The past year has marked an extraordinary period in the perennial quest to attract and retain the best talent. For the vast majority of companies, what the mainstream media billed as a Great Resignation ignited by the global pandemic was more of a Great Reshuffling, as myriad forces contributed to a spike in employee turnover.
Some found themselves fighting to retain employees lured away by the prospect of a better work-life balance, remote work opportunities or a bump in compensation, even as others were forced by supply-chain issues, soaring inflation and market volatility to implement hiring freezes and layoffs. This year’s market downturn also factored into the upheaval, with companies that use stock option grants to keep key players on board thwarted when their share values plunged.
“All of these factors are contributing to a ton of uncertainty going into 2023 around what the future holds and what that means from a recruiting and retention standpoint,” said John Borneman, a managing director at Semler Brossy. “And as a result, human capital, which has been an important strategic issue over the past decade, is becoming a more prominent governance issue.”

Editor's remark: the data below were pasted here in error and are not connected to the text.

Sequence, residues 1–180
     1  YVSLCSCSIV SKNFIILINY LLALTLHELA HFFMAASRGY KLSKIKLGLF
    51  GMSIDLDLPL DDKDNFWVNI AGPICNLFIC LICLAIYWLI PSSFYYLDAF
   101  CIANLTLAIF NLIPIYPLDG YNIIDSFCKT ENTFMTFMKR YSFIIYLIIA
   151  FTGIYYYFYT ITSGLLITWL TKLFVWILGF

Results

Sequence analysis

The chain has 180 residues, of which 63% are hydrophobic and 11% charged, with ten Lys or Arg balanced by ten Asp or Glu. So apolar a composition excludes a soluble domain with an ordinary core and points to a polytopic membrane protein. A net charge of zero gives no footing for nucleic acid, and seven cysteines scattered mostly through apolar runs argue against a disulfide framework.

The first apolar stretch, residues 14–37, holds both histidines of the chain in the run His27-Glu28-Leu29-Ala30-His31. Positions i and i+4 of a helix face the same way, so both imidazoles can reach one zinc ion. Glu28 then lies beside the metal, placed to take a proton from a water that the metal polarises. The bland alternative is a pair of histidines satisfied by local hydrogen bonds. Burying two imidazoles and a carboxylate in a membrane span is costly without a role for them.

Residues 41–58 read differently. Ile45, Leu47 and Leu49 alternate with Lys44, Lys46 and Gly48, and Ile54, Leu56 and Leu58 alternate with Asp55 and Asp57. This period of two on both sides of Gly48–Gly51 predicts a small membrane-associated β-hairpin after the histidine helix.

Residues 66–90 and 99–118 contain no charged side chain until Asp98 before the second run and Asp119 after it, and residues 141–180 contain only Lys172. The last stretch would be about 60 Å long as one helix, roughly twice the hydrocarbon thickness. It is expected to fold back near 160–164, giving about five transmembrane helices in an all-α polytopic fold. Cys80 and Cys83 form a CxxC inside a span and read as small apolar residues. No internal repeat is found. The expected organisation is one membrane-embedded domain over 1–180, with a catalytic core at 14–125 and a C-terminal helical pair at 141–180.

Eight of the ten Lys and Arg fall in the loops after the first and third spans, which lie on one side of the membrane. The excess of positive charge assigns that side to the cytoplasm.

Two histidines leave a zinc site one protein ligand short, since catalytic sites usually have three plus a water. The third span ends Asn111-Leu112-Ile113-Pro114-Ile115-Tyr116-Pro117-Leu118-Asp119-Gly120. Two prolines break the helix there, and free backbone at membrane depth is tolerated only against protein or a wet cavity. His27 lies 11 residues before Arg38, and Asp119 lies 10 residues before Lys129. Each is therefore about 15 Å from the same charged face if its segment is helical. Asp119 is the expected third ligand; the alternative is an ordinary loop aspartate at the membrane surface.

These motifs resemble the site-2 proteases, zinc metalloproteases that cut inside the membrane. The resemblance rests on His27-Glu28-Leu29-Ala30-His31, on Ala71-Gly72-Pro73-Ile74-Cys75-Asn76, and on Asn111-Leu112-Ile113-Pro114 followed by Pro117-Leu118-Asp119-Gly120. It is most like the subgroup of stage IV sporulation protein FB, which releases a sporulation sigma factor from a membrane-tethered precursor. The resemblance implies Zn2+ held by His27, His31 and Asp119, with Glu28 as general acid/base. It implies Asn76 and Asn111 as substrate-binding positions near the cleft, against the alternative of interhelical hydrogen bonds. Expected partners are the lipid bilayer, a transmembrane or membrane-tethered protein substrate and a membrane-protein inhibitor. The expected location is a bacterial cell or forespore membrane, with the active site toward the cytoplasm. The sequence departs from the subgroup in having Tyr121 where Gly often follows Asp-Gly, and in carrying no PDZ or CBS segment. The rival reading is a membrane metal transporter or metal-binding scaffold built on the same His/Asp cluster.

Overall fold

Compensation committees, particularly, are under pressure, agreed directors gathered for a CBM roundtable on the board’s role in human capital management. Fierce competition for qualified candidates led many companies to sweeten offers for new hires, which then created internal inequities.
Frank Sims, a board member at the energy services holding company South Jersey Industries, reported that rethinking salary ranges to lure new recruits threatened to disrupt the company’s entire compensation program. “As we bring in talent, we’re finding the compensation levels we thought were fair and competitive are no longer fair and competitive, especially in technical areas. When we find a good candidate, we have to pay the market for that candidate, but then we create an imbalance with the rest of the team we have in place. So you’re stuck having to manage the expectation of the employee coming in as well as those who are already part of the family. It’s a real struggle.”